Former Prime Minister Manmohan Singh on Friday said that a well educated population, adequately equipped with knowledge and skills, is a precondition of sustained economic growth.
The expansion of educational opportunities at all levels (from elementary to higher education) has contributed to accelerate economic growth by creating a more productive labour force endowed with enhanced knowledge and skills and promoting and encouraging modern attitudes among all the diverse segments of population, he said.
In his inaugural address on the occasion of 17th Annual Conference of the Indian Association of Social Sciences Institutions (IASSI), he said education is well recognised as an instrument of fast economic development and is key to the achievement of social and economic transformation.
IASSI is a federal body of Universities and research Institutions in India founded by Tarlok Singh, who through his work and writings left a lasting imprint on all areas of governance in this country.
Education, and particularly higher education has drawn attention in recent times as never before, to the advent of a knowledge society in which knowledge is not just a means of cultural advancement or skill improvement, but knowledge as mover of technology and innovation, itself has become an industry providing lead to economic growth, he said.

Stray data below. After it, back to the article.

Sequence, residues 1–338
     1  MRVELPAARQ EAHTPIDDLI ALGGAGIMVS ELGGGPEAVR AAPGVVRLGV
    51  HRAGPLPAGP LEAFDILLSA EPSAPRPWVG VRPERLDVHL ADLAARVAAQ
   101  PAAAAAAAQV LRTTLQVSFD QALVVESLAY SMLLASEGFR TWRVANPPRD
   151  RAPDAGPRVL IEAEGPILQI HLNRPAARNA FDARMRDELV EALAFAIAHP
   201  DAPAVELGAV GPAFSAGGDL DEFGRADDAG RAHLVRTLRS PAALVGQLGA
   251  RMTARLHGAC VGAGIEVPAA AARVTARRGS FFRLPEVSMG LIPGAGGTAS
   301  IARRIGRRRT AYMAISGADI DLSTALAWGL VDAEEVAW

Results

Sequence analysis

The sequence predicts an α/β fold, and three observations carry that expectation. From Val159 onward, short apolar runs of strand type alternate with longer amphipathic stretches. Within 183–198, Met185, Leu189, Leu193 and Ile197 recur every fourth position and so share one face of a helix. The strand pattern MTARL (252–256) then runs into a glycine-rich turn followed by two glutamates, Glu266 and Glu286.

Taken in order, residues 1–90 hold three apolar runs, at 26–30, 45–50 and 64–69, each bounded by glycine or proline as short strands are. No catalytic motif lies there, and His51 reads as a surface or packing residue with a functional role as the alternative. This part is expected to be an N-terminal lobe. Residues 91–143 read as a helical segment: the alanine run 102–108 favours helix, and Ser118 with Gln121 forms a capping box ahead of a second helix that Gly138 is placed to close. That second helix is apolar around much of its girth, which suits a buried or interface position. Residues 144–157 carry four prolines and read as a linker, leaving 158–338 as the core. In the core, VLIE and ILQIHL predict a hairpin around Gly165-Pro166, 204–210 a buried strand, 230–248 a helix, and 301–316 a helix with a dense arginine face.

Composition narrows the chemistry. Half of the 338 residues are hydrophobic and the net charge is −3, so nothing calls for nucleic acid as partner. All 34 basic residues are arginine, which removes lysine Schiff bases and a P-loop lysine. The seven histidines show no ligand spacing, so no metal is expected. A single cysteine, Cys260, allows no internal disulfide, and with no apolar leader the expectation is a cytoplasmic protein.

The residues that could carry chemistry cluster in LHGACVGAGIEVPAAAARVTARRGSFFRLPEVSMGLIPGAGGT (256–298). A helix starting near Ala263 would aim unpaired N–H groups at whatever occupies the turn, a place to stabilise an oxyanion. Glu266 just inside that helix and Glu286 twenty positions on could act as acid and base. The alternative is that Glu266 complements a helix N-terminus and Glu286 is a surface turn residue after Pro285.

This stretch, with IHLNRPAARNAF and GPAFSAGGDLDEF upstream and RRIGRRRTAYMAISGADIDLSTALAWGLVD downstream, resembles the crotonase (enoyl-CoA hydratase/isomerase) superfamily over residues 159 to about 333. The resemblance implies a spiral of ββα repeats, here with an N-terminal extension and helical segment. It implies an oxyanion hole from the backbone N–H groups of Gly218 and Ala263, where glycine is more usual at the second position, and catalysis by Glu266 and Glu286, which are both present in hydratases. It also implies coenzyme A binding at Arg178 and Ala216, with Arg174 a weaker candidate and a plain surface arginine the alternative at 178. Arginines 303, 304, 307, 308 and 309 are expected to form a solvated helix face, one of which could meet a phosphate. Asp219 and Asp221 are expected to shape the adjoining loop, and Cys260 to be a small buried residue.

There is a close relationship between the generation of knowledge and innovations leading to higher productivity, he said.
“The adoption of innovations and absorptions of new technologies depends on spread of education in general and science education in particular. The fast growing economies in the 21st century are going to be knowledge dominated and largely service economies,” he said.
The expansion of education and its equitable access will determine largely the future of economic and social progress of India, he said.
The expansion of education determines not only the rate of economic progress but also the rate of social and economic transformation, he said.
“Whether the nature of this transformation and economic progress will be inclusive or exclusive depends on the equitable access and quality of education for all below the age of 25 years,” he said.
India has experienced an absolute decline in workforce engaged in agriculture as cultivators and agricultural labourers, he said.
As per NSS surveys, the percentage of workforce engaged in agriculture in 1999-2000 was 56.64 per cent which declined to 48.9 per cent in 2011-12, he said.
The workforce being released from agriculture is shifting to urban areas in search of work, he said.
It is through the education and employment that the common people can be empowered and made partners in economic and social transformation of the country, he said.
“By imparting universally accepted secular education the individuals can be empowered with human values which enable them to contribute in building a socially and culturally harmonious society,” he said.